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Licespray

Why are Tuckers so expensive??

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I believe the Tucker concept came from Harry Miller who was a friend of Preston Tucker's. The fluid coupling was already in use on various cars by 1940. The next step was the torque converter which debuted on the Buick Dynaflow in 1948. But, it had already been used on the Hellcat tanks in WW2. If Miller learned about the torque converter at that time, it gave him something to think about. He came up with the idea of eliminating the clutch, transmission, driveshaft, differential and rear axle by substituting torque converters. This would call for a very slow revving, large displacement opposed six cylinder engine with a torque converter at both ends of the crankshaft, connected to the rear wheels. This was the concept of the first Tucker prototype.

This power train required the engine and drive to be mounted in the rear, and the rest of the Tucker layout proceeded from that.

 

If the Tucker resembled a Tatra in appearance it also resembled any number of fastback sedans from Detroit, including the prewar Lincoln Zephyr which was originally designed as a rear engine car.

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2 hours ago, Rusty_OToole said:

I don't believe anyone in Detroit considered Tucker a threat. It just wasn't possible for a new, small manufacturer to compete with the giants in terms of cost, dealership service, etc. At best Tucker could have been a niche product, producing cars in small numbers even compared to the independents like Hudson and Packard. If there was a campaign to sink Tucker I don't think it came from Detroit. It appears to have been politically motivated.

 

Not that they considered Tucker a threat in ‘47 or ‘48, no. Morseso, I believe the Big 3 kept abreast of the car while the Corp was solvent- it had been garnering huge attention. The ‘48 Olds or DeSoto certainly weren’t pulling in that level of attention. The people running the Big 3 should be given huge benefit of doubt as to their awareness of the industry, and any potential newcomers with the potential to disrupt the ‘boat’. After all, all the OEMs had been idly dreaming big during the war, despite being locked into their pre-war ‘clothes ‘ immediately afterwards.

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The auto companies were riding high after the war. The depression was over, they had just had 5 years of running full blast on cost plus contracts and were faced with a horde of customers clamoring for their wares, AKA the postwar seller's market. At General Motors their big worry was being broken up by the government under the anti trust laws because they were too big, too rich, too powerful and had too dominant a position in the industry. In other words it was in their interest to encourage other car companies especially the small independent ones, and not be seen as trying to put them out of business. There were quite a few new car companies started after the war like Tucker, Kaiser, Playboy, Keller, Davis and Crosley (which started prewar). Insiders knew  they could not compete with well established companies once the seller's market ended. This turned out to be true, in later years even such well established companies as Packard and DeSoto succumbed, and none of the newcomers lasted more than a few years.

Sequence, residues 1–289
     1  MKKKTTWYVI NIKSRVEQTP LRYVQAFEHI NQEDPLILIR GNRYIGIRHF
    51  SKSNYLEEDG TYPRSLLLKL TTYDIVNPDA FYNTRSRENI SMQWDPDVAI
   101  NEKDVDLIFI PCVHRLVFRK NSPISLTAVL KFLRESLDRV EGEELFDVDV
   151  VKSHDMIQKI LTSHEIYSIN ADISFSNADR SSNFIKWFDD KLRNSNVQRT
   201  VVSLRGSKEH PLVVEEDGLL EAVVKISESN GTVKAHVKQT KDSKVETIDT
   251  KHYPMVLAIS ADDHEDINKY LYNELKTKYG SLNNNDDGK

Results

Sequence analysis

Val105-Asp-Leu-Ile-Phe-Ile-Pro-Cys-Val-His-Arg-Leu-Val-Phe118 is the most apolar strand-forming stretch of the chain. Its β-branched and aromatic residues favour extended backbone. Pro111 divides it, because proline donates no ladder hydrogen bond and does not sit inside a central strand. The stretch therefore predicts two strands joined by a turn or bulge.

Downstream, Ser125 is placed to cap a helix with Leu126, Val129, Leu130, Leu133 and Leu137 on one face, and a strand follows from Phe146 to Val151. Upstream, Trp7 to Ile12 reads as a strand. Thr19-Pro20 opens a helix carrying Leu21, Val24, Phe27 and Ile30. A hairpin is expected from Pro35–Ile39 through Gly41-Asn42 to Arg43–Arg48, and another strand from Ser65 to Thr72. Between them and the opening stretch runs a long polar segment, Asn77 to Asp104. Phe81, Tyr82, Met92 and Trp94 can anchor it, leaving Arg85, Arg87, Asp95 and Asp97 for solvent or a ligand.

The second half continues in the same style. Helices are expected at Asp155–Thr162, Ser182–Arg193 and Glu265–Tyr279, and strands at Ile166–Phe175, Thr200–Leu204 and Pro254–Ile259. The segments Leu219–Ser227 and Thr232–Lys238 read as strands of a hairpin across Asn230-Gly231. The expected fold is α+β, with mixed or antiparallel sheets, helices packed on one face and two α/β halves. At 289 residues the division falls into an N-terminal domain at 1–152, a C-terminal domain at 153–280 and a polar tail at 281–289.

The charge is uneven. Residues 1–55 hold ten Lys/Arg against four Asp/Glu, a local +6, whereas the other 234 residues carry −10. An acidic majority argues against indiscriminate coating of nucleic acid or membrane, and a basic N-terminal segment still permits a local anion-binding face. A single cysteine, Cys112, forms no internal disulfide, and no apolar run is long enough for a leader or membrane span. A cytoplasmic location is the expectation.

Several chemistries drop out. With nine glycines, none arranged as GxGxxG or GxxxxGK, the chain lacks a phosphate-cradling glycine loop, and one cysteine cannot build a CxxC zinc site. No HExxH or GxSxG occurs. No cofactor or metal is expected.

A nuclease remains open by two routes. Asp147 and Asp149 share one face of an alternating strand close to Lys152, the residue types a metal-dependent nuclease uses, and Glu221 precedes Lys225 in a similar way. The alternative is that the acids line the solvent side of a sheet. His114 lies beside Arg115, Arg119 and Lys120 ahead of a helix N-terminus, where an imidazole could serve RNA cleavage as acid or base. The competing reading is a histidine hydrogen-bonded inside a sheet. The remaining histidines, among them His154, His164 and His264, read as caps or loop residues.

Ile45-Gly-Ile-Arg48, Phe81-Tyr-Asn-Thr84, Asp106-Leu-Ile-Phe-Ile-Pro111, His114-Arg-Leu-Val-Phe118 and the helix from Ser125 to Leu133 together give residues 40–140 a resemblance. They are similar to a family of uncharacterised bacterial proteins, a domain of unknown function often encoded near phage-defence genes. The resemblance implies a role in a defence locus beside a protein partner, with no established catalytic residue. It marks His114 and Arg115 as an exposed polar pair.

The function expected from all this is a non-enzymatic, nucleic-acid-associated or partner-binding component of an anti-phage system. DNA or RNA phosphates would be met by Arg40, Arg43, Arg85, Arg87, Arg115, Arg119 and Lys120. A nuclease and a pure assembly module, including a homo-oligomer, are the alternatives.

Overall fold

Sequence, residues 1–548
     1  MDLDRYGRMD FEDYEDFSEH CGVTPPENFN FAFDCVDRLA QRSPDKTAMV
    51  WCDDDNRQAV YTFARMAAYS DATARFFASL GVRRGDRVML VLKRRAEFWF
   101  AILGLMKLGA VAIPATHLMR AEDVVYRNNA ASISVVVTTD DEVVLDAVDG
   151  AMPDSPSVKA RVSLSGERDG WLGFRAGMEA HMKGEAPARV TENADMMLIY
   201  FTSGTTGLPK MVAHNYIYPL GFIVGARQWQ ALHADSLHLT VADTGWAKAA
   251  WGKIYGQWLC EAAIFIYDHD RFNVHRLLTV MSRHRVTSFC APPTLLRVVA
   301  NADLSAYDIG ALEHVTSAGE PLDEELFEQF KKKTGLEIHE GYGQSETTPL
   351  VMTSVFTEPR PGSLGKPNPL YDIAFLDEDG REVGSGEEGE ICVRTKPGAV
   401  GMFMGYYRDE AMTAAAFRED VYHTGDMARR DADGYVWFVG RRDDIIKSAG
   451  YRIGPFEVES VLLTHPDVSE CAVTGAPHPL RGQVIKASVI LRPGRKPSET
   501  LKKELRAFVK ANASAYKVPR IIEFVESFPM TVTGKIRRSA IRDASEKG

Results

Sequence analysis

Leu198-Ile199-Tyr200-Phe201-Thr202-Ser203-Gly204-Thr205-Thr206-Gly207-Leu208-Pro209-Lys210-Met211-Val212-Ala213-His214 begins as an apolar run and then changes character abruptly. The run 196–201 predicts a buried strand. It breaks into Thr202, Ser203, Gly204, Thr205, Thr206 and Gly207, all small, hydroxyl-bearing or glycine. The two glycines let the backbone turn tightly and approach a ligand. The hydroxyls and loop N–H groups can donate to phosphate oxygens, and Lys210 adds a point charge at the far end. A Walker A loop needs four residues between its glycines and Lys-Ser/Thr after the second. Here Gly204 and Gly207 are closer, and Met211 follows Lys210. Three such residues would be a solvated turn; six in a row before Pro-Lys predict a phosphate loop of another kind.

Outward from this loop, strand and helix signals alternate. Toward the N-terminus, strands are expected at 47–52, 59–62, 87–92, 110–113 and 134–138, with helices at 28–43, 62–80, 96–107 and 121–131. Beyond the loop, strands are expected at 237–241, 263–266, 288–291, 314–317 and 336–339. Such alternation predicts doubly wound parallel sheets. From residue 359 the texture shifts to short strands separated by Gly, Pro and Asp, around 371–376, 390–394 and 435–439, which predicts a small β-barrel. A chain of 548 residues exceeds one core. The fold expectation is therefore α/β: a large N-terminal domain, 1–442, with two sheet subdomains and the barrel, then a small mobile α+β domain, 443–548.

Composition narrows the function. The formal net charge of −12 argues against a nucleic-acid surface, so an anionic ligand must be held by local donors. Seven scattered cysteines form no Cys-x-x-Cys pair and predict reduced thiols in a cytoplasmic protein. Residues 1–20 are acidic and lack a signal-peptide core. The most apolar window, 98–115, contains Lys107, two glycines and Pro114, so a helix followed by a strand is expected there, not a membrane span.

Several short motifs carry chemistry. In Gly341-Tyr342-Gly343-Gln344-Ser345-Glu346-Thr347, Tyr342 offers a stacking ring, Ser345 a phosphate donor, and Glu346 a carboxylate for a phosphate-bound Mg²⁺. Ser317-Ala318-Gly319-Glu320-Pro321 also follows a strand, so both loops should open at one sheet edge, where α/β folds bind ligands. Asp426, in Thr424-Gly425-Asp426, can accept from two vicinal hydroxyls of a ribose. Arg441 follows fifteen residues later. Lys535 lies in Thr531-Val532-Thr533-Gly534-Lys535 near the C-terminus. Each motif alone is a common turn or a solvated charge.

Tucker insiders like Alex Tremulis report that Detroit was supportive of their work. When he needed steering wheels a friend at Ford sent 20 Lincoln steering wheels and never charged for them. I believe the Tucker electrical system was supplied by Delco, a GM subsidiary. Tremulis also said that styling clay was very hard to get just then but friends in the styling studios supplied him with all he needed.

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Is the car insurance cost worth it?  is a better question..

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• The mainstream OEMs were riding high in sales vs. production; a seller's market- sure. Good thing pent-up demand was so strong- the leftovers from '40-41 weren't necessarily that stirring otherwise.
• GM didn't see any anti-trust talk until 1956; their market share in '55 was 55%, it was a relatively moderate 40% in '48.
• The independents really weren't competing with the Big 3; Kaiser/Frazer to a minor degree, but the others mentioned above (Playboy, Keller, Davis, Crosley, and a host of others) weren't offering anything against a GM or Ford product. Tucker was the only full-size family sedan with excellent power & performance... plus it had a very stirring design. It definitely caught the Big 3's ear, without a doubt. What other brand was doing this in 1948?

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During the war all anti trust talk was dropped. Big companies were encouraged to cooperate in ways that in peacetime would have been illegal. All under government supervision, in the interest of maximizing war production.

 

After the war they were warned that this must come to an end. GM was warned that the government was watching them and took a dim view of their dominant position in the industry. This is one reason government agencies went out of their way to support Kaiser and Tucker. They thought new car makers were in the public interest. One reason Tucker got the Willow Run bomber plant. Only later did the SEC turn against Tucker. Why there was such a wave of bad publicity and legal action against Tucker is a mystery.

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6 hours ago, mike6024 said:

Explain how reversing the vanes gives you reverse.

 

Place two fans facing each other. Turn one on. Which way does the motor turn on the other (not electrically powered) fan? Now, tilt the blades on that unpowered fan the other way. The motor shaft will now turn the opposite rotation.

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